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  • Writer's pictureMatthew Glover

From obscure characters to the saviors of the MCU: A Guardians of the Galaxy Vol. 3 review



The Marvel Cinematic Universe is back to kick off the summer with Guardians of the Galaxy Vol. 3. The film released a few days ago and now that we’ve gotten a chance to sit down and watch, how was it?


I think before we talk about the film itself, We’ve got to mention the poorly CGI’d elephant in the room: Over their last few projects, Marvel Studios has categorically failed in creating good and engaging stories. It’s all twitter talks about these days. Bad CGI, bad writing, bad acting, bad comedy, and so on. While I did find things to like in each of the phase 4 and 5 movies, some more than others, I generally agree with this notion that Marvel Studios has taken a major downturn in quality since Infinity War.


To be fair, it needs to be said that the issue is not that Marvel Studios is no longer capable of making the same films that made them popular. In fact, in spite of all the moaning and groaning about how bad the new movies are, they’re still making more money than any of us will ever see in our combined lives. The issue is that the MCU itself has grown so large that there are simply too many characters to keep up with. And that’s true for both the audience and the studio itself. Simply put, Marvel Studios has spread themselves too thin in attempts to release projects every couple of months (despite pleas from fans to slow down release windows)


Luckily, the soulless feeling that comes from not spending enough time on their projects is nowhere to be found in Guardians of the Galaxy Vol. 3. As a matter of fact, I along with everyone in the theater I could overhear thought this iteration of the Guardians is not only the best, but also makes for one of the best marvel movies period.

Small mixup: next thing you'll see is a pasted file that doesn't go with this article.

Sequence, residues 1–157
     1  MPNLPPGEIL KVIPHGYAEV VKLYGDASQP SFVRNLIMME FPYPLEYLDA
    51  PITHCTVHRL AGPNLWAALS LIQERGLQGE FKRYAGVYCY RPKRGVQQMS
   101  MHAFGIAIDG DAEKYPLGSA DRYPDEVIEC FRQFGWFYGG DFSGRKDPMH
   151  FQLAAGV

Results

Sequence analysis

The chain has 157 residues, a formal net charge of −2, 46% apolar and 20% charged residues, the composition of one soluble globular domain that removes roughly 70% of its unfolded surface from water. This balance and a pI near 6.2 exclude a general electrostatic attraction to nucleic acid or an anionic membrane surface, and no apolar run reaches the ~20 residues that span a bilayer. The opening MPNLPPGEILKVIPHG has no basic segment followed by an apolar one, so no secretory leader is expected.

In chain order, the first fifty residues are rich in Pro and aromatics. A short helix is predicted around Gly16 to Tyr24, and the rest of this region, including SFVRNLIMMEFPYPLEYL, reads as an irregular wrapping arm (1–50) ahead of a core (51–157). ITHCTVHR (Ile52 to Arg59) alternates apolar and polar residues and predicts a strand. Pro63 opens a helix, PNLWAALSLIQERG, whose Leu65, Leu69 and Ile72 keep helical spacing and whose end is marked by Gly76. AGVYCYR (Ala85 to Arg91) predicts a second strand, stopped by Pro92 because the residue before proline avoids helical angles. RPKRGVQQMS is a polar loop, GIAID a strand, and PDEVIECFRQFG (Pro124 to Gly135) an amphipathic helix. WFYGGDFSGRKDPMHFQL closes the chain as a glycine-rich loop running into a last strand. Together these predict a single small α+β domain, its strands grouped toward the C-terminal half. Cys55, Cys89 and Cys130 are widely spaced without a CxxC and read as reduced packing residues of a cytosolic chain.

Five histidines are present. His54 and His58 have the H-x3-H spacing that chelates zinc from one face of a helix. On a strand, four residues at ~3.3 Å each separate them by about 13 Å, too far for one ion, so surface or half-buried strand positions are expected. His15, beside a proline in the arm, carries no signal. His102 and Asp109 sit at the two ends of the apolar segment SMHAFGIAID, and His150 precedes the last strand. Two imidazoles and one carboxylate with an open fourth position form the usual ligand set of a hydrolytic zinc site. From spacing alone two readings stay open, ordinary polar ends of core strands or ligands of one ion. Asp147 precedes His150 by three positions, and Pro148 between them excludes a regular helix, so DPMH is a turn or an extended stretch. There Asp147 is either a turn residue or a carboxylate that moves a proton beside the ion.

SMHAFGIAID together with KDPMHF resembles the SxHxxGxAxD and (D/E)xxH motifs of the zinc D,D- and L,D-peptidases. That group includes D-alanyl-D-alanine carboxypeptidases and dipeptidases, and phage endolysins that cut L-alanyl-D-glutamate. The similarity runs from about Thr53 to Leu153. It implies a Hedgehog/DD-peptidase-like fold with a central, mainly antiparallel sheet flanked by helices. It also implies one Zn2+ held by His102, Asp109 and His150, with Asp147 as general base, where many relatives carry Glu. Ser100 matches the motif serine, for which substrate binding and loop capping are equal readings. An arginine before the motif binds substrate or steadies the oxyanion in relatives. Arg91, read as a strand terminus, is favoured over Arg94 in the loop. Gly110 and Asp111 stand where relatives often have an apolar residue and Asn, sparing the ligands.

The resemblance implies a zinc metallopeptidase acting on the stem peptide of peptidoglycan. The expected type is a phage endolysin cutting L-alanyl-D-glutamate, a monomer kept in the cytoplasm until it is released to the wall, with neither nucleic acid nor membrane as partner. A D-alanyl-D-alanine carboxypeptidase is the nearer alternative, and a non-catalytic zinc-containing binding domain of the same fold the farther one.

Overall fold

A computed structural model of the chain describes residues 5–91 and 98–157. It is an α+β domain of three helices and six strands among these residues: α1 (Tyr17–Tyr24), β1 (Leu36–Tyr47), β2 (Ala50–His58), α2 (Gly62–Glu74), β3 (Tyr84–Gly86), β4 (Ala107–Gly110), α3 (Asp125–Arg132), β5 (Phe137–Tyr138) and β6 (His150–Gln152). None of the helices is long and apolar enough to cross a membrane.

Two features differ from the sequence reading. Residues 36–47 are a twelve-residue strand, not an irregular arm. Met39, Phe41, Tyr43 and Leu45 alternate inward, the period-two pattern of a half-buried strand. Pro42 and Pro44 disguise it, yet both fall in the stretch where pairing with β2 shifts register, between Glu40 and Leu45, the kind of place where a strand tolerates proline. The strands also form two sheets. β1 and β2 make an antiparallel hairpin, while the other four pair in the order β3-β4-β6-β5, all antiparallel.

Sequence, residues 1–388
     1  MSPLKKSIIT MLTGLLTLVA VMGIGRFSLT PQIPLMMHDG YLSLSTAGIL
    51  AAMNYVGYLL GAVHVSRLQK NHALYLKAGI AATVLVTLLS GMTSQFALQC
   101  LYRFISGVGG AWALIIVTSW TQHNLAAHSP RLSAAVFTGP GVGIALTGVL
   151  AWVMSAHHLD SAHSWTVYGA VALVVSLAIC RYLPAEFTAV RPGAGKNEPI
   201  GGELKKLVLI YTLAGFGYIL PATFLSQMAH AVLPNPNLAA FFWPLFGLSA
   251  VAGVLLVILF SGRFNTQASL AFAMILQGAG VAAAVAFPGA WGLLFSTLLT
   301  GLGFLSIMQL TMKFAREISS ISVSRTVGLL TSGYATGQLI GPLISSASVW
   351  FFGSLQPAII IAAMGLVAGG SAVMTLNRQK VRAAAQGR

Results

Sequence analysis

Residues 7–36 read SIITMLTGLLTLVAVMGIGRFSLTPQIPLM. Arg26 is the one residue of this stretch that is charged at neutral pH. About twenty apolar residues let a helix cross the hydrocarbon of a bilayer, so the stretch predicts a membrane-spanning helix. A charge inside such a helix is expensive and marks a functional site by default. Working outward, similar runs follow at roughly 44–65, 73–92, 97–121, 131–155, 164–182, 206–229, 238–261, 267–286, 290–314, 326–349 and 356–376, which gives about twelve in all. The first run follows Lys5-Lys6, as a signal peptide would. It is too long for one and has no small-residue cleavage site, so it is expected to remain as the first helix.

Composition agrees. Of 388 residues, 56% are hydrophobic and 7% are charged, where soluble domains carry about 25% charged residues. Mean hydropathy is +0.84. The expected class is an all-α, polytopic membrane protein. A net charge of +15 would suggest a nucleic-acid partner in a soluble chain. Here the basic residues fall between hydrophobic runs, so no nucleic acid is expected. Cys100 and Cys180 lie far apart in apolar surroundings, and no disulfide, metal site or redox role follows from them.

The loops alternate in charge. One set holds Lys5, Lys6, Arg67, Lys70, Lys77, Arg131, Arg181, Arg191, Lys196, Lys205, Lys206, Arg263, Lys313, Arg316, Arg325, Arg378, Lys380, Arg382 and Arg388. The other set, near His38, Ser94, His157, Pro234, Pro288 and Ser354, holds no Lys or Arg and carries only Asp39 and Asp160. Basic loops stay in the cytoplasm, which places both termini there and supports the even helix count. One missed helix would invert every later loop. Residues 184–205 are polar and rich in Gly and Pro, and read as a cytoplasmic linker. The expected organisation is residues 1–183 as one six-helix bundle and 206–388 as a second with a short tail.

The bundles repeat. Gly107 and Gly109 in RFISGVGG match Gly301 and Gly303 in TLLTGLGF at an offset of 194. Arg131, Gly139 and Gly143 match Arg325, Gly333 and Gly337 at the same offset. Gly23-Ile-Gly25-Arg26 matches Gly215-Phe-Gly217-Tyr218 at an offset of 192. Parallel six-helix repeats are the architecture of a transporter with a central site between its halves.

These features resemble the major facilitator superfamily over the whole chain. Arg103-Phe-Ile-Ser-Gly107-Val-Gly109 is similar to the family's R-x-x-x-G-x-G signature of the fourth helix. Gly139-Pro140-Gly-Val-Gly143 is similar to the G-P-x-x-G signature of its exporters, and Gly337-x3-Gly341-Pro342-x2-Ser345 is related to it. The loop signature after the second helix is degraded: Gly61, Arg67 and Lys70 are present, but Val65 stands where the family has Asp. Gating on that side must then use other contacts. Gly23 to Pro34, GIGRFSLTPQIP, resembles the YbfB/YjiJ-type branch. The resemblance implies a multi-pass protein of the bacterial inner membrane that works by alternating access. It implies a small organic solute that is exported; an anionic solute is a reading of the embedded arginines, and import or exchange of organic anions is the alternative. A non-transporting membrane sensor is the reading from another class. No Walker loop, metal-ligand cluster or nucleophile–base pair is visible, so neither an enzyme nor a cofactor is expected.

The film is an absolute masterclass in how to respond to fan feedback. Nearly every aspect of the Guardians that was underdeveloped or annoying was addressed. Each character has several hero moments, several heartfelt lines of dialogue, and not an ounce of the weird “comedy” present in phase 4 films.


Matter of fact, this film has the one thing that all of phase 4 lacked in my opinion: Emotion. This movie is absolutely hilarious, genuinely heartbreaking, and heartwarming. Even further, these emotions never clash with each other. Serious moments aren’t undercut with comedy, and the heartwarming moments felt earned and genuine.


Another aspect that sets this film apart is a return to form when it comes to action and violence. The characters fight together with noticeably better choreography, certain characters actually get injured pretty seriously at times, and there are certain moments that are so violent they barely escape an R rating.


Finally, I want to mention the villain. It is hard to describe the feeling this character gives, especially without spoilers, but I can say this. Not only does the villain have screen time, but he actually feels menacing, unhinged, and powerful. Genuinely engaging Villains are few and far between in this franchise, and seeing a good villain on screen is a breath of fresh air after the criminal under usage of Christian Bale’s character in Thor 4: More Thor.


I came into this film ready to hate it. I have been continually disappointed by Marvel films as of late, even the ones that I moderately enjoyed. I am very excited to say that if you’re feeling fatigued with superheroes, angry with Marvel’s recent content, or just want another reminder of why James Gunn is far and away the best superhero movie director alive, see this movie.


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